--Rep. Dave Brat of Virginia, an outspoken Freedom Caucus member, encountered hundreds of people booing, laughing derisively and shouting at his town hall meeting last night. And about 30 demonstrators gathered outside the district office of Rep. Dana Rohrabacher of California, holding signs that read "Just say no to Trumpcare" and "Putin's favorite congressman."
--Other Republicans meeting with criticism back home have responded in varying and sometimes weird ways. Rep. Peter T. King of New York said the GOP health bill is too serious a topic to celebrate, the way President Trump and other Republicans did in the Rose Garden. Believe it or not, Rep. Jeff Denham of California called the bill "bipartisan" even though not a single Democrat voted for it. Denham is among seven Republicans being targeted by House Democrats ahead of the 2018 election.
Some who are angry about Obamacare repeal are going beyond just tame protests. My former Politico colleagues Kyle Cheney and Ken Vogel write of "macabre theatrics" some liberal groups are using. Like carting caskets to Republican districts and encouraging constituents, should they die, to ship their own ashes to lawmakers. How clever...and morbid.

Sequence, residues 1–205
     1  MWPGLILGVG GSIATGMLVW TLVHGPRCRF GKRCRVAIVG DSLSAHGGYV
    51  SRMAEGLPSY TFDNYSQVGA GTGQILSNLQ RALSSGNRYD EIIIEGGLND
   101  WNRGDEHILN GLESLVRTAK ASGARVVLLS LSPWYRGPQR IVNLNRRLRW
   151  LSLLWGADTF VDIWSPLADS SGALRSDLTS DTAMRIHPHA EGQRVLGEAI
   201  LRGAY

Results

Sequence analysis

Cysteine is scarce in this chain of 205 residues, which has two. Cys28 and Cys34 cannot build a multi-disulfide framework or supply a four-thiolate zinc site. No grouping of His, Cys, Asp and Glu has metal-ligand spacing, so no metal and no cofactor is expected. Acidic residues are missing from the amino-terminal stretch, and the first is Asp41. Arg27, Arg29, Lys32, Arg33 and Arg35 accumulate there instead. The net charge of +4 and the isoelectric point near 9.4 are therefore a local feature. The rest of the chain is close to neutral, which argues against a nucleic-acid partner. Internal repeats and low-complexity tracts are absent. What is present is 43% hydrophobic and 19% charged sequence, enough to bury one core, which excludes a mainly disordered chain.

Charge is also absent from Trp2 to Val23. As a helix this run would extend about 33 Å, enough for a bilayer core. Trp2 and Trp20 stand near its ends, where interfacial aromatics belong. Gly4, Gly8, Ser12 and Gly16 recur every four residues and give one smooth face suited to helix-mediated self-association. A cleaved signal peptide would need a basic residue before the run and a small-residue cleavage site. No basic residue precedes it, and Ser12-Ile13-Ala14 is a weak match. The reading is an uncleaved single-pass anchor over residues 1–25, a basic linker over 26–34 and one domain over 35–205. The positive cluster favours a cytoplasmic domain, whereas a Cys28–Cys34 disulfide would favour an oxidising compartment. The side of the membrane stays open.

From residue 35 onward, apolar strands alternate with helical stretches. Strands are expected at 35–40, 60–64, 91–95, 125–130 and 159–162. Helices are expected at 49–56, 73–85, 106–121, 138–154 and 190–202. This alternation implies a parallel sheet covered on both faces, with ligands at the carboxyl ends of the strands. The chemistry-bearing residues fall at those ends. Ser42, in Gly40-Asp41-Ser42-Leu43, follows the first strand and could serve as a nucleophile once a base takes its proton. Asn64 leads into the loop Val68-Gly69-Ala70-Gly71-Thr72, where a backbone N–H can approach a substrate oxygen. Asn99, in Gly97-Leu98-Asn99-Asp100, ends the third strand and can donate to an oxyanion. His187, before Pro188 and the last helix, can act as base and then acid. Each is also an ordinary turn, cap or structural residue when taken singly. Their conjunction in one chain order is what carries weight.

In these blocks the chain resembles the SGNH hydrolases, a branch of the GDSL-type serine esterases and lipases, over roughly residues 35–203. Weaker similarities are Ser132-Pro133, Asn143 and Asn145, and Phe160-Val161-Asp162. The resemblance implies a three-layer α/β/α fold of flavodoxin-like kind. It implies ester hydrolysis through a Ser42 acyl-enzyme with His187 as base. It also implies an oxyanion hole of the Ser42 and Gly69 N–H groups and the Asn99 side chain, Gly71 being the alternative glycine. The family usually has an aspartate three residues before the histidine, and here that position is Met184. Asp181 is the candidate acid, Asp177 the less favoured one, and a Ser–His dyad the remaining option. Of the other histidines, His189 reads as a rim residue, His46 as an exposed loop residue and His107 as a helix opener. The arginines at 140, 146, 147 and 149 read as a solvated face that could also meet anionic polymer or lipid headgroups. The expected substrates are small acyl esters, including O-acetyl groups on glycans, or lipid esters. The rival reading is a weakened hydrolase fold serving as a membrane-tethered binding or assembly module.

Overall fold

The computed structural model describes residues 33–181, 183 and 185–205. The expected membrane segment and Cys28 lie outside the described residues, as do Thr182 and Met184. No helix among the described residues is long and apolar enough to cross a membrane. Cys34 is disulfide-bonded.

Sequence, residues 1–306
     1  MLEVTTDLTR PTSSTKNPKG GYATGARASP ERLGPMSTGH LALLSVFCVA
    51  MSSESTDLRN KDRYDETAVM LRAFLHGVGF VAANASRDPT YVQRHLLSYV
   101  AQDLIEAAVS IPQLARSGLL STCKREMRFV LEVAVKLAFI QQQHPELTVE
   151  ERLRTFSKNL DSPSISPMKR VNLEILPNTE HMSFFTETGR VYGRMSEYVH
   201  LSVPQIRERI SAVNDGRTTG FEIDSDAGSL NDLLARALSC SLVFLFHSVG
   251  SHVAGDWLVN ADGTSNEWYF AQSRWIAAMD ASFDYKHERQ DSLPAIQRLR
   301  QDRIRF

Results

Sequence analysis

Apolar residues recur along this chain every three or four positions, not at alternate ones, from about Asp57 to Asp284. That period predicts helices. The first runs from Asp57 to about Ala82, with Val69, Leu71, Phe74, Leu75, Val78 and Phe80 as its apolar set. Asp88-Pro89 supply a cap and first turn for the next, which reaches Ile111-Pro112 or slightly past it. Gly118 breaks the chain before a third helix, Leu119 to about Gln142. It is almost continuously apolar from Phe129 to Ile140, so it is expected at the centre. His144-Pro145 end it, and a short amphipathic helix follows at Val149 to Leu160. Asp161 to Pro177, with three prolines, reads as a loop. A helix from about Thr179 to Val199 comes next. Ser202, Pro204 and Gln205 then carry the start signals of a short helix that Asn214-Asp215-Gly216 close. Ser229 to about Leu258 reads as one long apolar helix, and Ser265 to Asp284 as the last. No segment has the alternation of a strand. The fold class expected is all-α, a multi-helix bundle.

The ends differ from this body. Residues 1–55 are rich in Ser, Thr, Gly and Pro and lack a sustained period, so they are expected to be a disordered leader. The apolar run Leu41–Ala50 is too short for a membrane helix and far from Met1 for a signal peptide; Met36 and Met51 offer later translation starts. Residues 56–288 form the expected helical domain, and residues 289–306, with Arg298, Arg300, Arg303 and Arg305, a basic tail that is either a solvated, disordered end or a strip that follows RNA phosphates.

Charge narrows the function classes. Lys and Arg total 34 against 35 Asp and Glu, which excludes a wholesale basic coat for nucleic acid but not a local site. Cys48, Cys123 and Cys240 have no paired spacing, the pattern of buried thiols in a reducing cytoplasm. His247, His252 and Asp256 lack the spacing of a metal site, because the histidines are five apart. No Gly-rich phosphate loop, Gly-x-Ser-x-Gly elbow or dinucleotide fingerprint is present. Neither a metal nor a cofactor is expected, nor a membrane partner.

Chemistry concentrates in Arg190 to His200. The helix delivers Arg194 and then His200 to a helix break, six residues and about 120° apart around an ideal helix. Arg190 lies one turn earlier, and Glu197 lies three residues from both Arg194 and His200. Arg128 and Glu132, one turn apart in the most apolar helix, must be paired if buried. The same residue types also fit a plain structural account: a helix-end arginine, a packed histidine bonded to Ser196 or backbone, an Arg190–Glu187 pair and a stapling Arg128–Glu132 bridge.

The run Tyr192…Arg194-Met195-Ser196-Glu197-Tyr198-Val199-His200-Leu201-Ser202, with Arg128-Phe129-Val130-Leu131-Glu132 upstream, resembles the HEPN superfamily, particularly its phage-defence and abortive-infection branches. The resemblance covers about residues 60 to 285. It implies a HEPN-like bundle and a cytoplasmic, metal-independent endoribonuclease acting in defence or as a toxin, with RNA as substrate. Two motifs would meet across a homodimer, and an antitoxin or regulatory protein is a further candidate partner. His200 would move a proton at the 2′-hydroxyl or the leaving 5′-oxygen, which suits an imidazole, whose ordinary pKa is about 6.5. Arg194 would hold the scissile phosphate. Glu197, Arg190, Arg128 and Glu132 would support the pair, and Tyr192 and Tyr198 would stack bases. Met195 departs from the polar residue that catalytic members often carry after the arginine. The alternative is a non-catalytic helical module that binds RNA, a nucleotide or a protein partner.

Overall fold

On the flip side, the conservative American Action Network will launch today a $250,000 digital ad campaign urging constituents in 25 districts to thank their member of Congress for voting for the GOP health-care bill. Over the next two weeks, the group will run the ads on Google and Facebook aimed at encouraging Ryan, Majority Leader Kevin McCarthy (R-Calif.), several others in leadership and some moderates who reluctantly voted for the plan. ANN has already spent more than $12.7 million to promote the American Health Care Act and other conservative health-policy ideas.